Regime bombing intensifies in SW Syria opposition holdout as NW towns evacuated

COMPILED FROM WIRE SERVICES
ISTANBUL
Published 18.07.2018 20:35
Updated 19.07.2018 00:51
A member of Hayat Tahrir al-Sham group, led by Syria's former Al-Qaeda affiliate, watches as a convoy of buses gets ready to enter the towns of Fuaa and Kefraya to evacuate their residents on July 18, 2018. (AFP Photo)
A member of Hayat Tahrir al-Sham group, led by Syria's former Al-Qaeda affiliate, watches as a convoy of buses gets ready to enter the towns of Fuaa and Kefraya to evacuate their residents on July 18, 2018. (AFP Photo)

Talks to cede the largest opposition holdout in southwestern Syria to the regime have failed, triggering an intense overnight bombing campaign on the densely populated town of Nawa that killed over a dozen people and injured over a hundred, activists and rescuers said yesterday.

Britain-based Syrian Observatory for Human Rights said an overnight 'frenzied' bombing campaign in the southwestern town of Nawa and its surrounding areas continued into yesterday, with at least 350 missiles launched. The Observatory said at least 12 were killed as rescuers struggled to get to the casualties.

Khaled Solh, head of the local Syria Civil Defense known as White Helmets, said they have documented 14 killed while Nawa's only hospital was bombed and rendered non-operational late Tuesday. He said only one ambulance was able to access the town and civilians relied on their cars to bring out at least 150 injured. He said one of the last orthopedists in the town was killed in the strikes.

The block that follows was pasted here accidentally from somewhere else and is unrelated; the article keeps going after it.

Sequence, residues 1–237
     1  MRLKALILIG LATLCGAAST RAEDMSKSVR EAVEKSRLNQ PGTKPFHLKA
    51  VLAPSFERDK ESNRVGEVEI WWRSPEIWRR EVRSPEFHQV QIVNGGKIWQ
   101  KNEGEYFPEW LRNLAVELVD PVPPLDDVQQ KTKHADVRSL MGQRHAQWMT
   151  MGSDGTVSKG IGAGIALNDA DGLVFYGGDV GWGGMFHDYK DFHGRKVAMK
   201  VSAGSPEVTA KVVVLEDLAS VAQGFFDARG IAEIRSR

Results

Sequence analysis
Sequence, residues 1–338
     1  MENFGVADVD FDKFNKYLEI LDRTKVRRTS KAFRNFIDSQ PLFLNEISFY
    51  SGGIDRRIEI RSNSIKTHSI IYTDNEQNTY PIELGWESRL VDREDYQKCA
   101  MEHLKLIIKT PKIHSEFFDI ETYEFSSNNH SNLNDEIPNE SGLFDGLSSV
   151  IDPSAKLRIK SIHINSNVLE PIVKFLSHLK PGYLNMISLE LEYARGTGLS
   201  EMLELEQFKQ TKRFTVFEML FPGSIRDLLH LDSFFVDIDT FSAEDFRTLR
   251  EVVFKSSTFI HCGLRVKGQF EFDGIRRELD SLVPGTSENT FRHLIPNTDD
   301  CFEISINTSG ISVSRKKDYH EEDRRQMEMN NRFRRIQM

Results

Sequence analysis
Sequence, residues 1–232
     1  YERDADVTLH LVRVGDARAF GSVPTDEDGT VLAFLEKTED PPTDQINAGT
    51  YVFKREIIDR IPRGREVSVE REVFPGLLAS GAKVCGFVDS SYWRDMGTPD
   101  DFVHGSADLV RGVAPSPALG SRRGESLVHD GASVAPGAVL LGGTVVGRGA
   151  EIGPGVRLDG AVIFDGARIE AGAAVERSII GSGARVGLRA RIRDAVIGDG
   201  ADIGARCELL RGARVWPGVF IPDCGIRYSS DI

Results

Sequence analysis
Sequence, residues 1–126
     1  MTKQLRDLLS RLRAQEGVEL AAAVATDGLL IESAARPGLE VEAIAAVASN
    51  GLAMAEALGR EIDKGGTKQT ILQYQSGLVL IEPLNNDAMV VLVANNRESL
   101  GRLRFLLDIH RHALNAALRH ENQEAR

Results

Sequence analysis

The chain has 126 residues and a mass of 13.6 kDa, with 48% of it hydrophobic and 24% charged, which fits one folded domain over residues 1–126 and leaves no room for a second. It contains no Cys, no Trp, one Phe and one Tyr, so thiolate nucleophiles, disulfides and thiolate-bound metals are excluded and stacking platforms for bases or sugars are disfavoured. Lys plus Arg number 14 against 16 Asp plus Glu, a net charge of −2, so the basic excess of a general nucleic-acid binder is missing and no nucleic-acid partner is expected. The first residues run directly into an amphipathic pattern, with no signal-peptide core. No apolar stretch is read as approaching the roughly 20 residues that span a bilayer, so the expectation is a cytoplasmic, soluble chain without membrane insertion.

Separately, buses began evacuating fighters and civilians from two besieged pro-regime towns in northwestern Syria early on Thursday morning, under a deal that will allow thousands to leave after three years of encirclement.

An AFP correspondent counted 20 buses driving out of Fuaa and Kafraya, the last two remaining towns under siege in the war-torn country. The evacuations come as part of a deal reached between Turkey and regime-ally Russia, according to the Syrian Observatory for Human Rights.

Both militiamen and regular civilians could be seen on board the vehicles, as well as stacks of personal belongings.

All residents -- about 6,900 people including fighters and civilians -- are expected to be bused out, said the Britain-based monitor.

In exchange, the Syrian government is expected to release hundreds of prisoners from its detention centers.

The towns came under siege in 2015 as opposition forces and terrorist groups overran the surrounding province of Idlib, cutting off access to food and medicine.

Starting early Wednesday, a series of barricades on the road leading into the town were removed to let dozens of vehicles in, an AFP correspondent there said.

State news agency SANA also reported that buses and ambulances had entered the towns under the deal.

Share on Facebook Share on Twitter